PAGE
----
National mission to try out mapping of deep aquifers
BHUBANESHWAR — In a first of its kind initiative, India will undertake mapping of deep aquifers — the underground layers of water-bearing rocks — to identify the quantum of water available as part of plans to formulate an effective and integrated water resources management.
The initiative would form a key component of the National Water Mission to be implemented in the coming 12th five-year plan, the head of research coordination and management unit of the Roorkee-based National Institute of Hydrology Dr V C Goyal told the ongoing 99th Indian Science Congress.
Making a presentation on “Science and Technology for water security in Indian context,” Dr Goyal said that the exploration of deep aquifers had assumed significance in the wake of the need to adopt a holistic approach to water resources management. The aquifer mapping would facilitate the formulation of strategies for a more effective groundwater management. So far, the country’s groundwater management has not included aquifer mapping.
Aquifers are rocks spread across different areas that are capable of allowing accumulation and movement of groundwater so that sufficient quantities are available to wells and springs. Mapping of aquifers can help determine the quantity and quality of groundwater in a particular area and whether it is contaminated by pathogens, iron, arsenic, fluoride and other such elements. The mapping of aquifers also includes precisely locating their natural recharge and discharge areas. The information would help in developing a strategy of groundwater management for the region.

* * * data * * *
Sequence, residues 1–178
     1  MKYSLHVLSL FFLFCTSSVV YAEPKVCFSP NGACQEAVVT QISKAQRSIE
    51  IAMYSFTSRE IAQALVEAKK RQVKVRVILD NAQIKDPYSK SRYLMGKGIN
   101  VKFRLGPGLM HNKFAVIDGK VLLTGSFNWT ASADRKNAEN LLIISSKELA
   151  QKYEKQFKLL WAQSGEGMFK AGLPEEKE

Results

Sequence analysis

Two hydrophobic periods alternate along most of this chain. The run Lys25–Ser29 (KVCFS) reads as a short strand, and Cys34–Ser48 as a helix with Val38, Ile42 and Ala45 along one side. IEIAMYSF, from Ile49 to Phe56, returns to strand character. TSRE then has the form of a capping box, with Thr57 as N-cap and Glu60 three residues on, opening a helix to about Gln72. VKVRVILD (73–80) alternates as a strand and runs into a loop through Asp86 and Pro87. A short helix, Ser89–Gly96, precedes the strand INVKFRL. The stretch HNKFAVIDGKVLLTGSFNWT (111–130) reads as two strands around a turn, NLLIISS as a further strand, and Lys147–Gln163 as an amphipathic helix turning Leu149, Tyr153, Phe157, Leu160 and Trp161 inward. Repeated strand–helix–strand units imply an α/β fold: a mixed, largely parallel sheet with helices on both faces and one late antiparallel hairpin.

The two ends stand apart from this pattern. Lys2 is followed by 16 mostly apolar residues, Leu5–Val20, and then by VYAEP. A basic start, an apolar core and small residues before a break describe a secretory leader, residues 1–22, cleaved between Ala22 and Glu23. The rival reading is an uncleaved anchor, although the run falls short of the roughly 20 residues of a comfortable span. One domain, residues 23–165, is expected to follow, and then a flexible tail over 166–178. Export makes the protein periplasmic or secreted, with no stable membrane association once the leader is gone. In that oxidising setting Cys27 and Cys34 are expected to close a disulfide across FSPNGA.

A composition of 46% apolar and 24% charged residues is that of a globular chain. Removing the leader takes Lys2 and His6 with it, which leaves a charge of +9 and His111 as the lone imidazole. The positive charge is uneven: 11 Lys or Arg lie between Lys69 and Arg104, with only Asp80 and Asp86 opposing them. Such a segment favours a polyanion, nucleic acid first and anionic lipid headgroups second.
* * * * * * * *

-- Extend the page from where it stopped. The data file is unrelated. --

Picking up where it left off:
As part of the National Water Mission, water auditing would also be taken up for effective utilisation of the scarce resource, Dr Goyal said, and called for shifting the present focus from water resources development to water resources management and application of modern technologies for conservation and re-use.
“We need to come out of the business-as-usual attitude to water sector and address the issue of water shortage in a more integrated manner involving multi-disciplinary approach,” he said. There was a potential for re-use of 80 per cent of the water being utilised by the domestic sector and 65 per cent in case of industries while 95 to 98 per cent of the water that goes into power generation could be re-used, the scientist said.
He said that there was a need for a more pro-active approach to adopt technology-based solutions in the areas of water saving in agriculture, rainwater harvesting, groundwater recharge, wastewater treatment and desalination.
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